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States across the country are reporting record numbers of daily infections. How is Delaware faring?

Brandon Holveck
Delaware News Journal

With more than 80,000 COVID-19 cases reported in the United States on Friday, the latest coronavirus surge is once again setting records across the country more than seven months into the pandemic.

Although Delaware's averages for new cases, hospitalizations and the percentage of persons who tested positive have been on an upswing since the start of September, the state ranks among the middle of the pack in cases per capita. It has so far avoided the sharp rises experienced in recent days by neighboring states such as Pennsylvania and New Jersey.

Delaware ranks 37th among the 50 states with 93 cases per 100,000 people, according to a New York Times database. Over the past week, there has been an average of 129 cases per day, according to the Times, an increase of 4% from the average two weeks earlier.

In New Jersey, the average number of cases per day last week increased 62% from two weeks earlier. In Pennsylvania, that figure is 23%.

Delaware runs state COVID-19 testing on the Delaware Tech campus in Georgetown on Thursday, Aug. 13, 2020.

Unlike the start of the pandemic, when a surge in cases in the Northeast fueled rising numbers nationwide, the recent uptick coincides with outbreaks in rural Midwest counties and small metro areas, as well as major Midwest cities like Chicago and Milwaukee.

North Dakota, South Dakota and Montana have reported the most cases per capita.

However, Delaware's numbers have increased enough since the state initiated reopening measures in June to warrant concern from public officials.

The numbers: Tracking coronavirus cases in Delaware

The seven-day average for new cases in Delaware has been at or above 120 for all of October. The average last consistently reached that level in mid-July.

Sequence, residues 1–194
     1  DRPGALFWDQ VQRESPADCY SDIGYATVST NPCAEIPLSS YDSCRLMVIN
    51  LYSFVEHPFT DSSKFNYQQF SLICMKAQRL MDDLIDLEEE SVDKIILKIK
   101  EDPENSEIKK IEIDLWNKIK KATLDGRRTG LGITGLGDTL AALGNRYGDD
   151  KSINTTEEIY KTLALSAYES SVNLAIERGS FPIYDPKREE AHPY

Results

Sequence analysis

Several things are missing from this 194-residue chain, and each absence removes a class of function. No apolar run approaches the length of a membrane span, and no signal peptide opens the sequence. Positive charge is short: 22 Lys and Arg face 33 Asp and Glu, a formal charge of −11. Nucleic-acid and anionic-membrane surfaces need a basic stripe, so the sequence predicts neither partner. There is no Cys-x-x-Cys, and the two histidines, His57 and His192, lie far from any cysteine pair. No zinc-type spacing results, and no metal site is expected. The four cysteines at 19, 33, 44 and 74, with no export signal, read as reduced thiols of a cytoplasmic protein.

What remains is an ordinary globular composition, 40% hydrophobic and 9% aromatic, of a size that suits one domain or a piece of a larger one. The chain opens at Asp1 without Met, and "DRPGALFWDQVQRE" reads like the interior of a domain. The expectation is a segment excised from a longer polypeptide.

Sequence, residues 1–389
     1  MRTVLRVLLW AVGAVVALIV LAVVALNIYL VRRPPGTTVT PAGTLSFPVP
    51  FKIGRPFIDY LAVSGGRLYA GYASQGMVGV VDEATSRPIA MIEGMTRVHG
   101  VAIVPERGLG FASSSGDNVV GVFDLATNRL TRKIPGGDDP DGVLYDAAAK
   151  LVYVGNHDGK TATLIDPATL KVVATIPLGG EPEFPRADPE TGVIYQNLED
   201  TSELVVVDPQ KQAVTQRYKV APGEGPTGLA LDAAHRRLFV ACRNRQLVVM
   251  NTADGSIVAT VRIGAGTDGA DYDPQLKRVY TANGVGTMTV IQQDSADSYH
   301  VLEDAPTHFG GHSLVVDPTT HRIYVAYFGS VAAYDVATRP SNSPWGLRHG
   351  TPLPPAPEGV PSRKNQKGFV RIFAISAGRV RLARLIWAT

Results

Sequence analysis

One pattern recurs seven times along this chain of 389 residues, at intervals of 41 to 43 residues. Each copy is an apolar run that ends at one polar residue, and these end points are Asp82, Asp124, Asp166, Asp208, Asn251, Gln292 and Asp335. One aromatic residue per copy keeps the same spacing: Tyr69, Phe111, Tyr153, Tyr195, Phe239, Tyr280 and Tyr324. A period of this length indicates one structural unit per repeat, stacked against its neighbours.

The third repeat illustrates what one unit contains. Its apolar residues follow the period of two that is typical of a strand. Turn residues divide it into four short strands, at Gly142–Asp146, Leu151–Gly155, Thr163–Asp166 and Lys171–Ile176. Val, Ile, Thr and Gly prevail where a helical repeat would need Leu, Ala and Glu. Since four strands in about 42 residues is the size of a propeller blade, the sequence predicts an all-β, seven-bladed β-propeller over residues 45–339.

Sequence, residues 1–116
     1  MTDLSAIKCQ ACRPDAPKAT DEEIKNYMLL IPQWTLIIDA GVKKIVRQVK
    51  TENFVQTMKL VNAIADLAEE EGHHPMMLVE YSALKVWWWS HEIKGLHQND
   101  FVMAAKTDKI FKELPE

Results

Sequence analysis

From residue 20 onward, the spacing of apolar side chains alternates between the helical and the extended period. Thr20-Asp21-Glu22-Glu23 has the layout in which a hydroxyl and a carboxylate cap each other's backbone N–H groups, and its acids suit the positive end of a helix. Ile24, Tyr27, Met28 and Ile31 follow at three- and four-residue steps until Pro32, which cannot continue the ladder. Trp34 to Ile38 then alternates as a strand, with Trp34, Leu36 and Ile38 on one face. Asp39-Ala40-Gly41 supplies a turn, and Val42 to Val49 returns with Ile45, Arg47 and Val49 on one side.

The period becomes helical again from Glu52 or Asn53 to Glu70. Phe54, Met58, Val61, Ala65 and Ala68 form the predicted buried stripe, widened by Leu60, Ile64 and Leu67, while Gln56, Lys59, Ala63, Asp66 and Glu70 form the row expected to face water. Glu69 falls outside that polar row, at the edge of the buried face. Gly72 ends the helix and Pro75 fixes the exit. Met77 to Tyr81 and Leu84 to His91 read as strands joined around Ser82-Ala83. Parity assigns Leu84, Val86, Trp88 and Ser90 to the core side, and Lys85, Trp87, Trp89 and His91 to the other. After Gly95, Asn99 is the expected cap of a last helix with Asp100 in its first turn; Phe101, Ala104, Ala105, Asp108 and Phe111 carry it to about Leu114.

The number of deaths in October has already matched the death toll in September (31) and has eclipsed August's toll by 11. Delaware has reported 681 deaths and 23,961 positive cases through Saturday.

"Is it concerning? Yes," Gov. John Carney said earlier this month. "It's not headed in the right direction."

Gov. John Carney speaks with Dr. Karyl Rattay, director of the state Division of Public Health, before administration offices conduct a press briefing on the state's response to COVID-19 on April 9, 2020, at the Carvel State Building.

Meanwhile, Delawareans now have a more clear picture of how their state's testing compares with other states.

Delaware recently started reporting the percentage of tests that are positive. It previously reported only the percentage of people tested who tested positive, meaning people who tested negative multiple times were recorded only once.

Database: Help The News Journal track COVID-19 in Delaware schools

The percentage of tests that are positive — the new metric — reflects a lower rate (a 3.1% average over the last seven days) than the percentage of persons testing positive (a 6.9% average over the last seven days).

The lower rate places Delaware within the best 15 states in terms of positive test rate.

It is still unclear who is ending up in the hospital because of the virus. The state doesn't require that hospitals report data regarding race or age and the hospitals aren't providing it publicly.

The seven-day average for hospitalizations reached a nadir of 33 on Aug. 18, according to the Times. The current average is 105. The average reached a high point of 312 on May 1.

In September, officials attributed rising case counts to students returning to college campuses and a another wave of outbreaks in long-term care facilities. The weeks since have revealed varying results.

The University of Delaware, which was a target of stricter private gathering rules implemented in Newark in August, reported between 67 and 80 cases each week in September. In October, its cases are down, reporting between 20 and 39 cases each week.

Covid-19 safety measures have been placed all around the campus of Delaware State University in Dover.

The Division of Public Health is continuing to investigate outbreaks at several long-term care facilities including Kentmere Rehabilitation and Health Care Center in Wilmington, where 54 residents and 42 staff members have tested positive, Cadia Healthcare Silverside in Talleyville (44 residents and 32 staff members) and Country Rest Home in Greenwood (31 residents and 18 staff members).

The agency is also investigating a newly reported outbreak at Regency Healthcare and Rehabilitation Center in Wilmington, where 38 residents and 15 staff members have tested positive. 

Through 6 p.m. Thursday, 1,457 positive cases have involved residents of long-term care facilities, 395 of whom died from complications related to the virus. 

Contact Brandon Holveck at bholveck@delawareonline.com. Follow him on Twitter @holveck_brandon.